Since 2009, the NICD implemented compulsory lot verification testing as part of active post-market surveillance of HIV RDTs. New lots of HIV RDTs of either first-line or second-line test devices/kits were submitted to the NICD prior to release to testing facilities for verification. A limited number of test devices were selected and tested against different characterised panels to ensure that the specification criteria for lot verification determined by the NICD were met. On completion of the lot verification testing, a report on the performance of the lot and outcomes was submitted to the supplier for onward submission to the manufacturer per tender requirements and NDoH.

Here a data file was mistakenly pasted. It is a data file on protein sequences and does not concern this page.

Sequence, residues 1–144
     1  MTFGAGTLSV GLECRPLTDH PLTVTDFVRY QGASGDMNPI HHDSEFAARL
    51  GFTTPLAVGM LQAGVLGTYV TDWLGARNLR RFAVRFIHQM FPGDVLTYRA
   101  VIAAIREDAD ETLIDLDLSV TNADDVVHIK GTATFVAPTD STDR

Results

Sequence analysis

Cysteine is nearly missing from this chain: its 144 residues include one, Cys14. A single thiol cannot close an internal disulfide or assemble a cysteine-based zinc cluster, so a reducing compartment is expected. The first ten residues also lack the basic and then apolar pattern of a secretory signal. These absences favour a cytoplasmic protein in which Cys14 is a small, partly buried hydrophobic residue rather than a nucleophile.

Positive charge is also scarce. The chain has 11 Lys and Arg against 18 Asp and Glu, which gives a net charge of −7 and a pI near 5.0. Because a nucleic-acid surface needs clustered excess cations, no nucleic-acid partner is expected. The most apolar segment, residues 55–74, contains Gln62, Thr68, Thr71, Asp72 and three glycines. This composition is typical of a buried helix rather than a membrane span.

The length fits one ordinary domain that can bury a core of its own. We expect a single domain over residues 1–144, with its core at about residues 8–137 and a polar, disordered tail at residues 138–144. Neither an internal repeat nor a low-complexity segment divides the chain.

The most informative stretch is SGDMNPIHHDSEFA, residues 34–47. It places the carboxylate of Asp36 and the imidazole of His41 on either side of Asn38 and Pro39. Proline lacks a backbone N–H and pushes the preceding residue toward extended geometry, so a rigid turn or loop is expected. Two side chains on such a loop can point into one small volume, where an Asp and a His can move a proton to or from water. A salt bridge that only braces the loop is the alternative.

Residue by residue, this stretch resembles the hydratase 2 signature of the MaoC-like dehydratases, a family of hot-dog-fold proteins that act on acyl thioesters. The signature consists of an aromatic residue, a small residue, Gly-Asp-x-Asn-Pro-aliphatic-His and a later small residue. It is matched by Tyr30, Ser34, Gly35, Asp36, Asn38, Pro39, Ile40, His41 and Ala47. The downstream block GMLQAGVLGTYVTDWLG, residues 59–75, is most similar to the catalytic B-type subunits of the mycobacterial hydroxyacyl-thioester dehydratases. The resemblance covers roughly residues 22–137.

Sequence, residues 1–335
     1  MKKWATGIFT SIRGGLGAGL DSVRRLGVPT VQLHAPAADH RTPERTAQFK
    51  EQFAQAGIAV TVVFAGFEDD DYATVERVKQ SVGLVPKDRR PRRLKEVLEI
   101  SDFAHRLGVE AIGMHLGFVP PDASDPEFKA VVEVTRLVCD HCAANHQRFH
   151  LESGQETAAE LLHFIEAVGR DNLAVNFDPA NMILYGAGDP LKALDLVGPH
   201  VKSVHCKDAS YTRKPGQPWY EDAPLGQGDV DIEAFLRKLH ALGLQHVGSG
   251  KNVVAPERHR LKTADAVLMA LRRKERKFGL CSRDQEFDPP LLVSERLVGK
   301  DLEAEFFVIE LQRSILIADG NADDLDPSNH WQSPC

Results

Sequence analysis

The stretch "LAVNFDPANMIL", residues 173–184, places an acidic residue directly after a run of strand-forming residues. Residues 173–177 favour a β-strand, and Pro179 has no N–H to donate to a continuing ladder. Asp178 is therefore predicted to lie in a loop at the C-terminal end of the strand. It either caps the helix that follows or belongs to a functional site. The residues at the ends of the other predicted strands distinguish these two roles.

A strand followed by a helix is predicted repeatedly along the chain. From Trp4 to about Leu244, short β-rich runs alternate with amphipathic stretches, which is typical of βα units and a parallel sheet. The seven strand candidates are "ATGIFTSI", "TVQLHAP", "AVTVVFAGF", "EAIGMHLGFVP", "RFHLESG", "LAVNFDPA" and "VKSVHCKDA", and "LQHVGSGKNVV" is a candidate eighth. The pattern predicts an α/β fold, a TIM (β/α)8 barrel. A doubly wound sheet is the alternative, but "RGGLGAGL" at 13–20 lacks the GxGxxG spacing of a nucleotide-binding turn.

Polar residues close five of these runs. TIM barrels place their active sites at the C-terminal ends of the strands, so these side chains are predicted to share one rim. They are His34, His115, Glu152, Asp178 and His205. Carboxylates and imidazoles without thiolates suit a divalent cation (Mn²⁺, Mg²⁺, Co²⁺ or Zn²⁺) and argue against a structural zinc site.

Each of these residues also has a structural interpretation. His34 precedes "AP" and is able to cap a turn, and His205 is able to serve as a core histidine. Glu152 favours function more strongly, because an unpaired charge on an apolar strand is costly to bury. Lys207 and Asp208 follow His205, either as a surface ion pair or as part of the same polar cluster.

Post-intervention assessments

Assessors from NICD (in round-one) and from Strategic Evaluation, Advisory and Development (SEAD) Consulting (in round-two) conducted the two rounds of post-intervention assessments using the SPI-RT version 2 and version 3 checklists (S1 and S2 Files). The SPI-RT version 2 checklist had eight domains listed in S4 Table and was revised in 2016, resulting in changes to the number of questions/ items by domain, as listed in S4 Table.

Version 2 of the checklist was used at 106/1,915 facilities during the round-one assessments. The remaining 1,809 facilities in round-one, and all round-two sites, were assessed using version 3 of the checklist.

Outcomes of the assessments.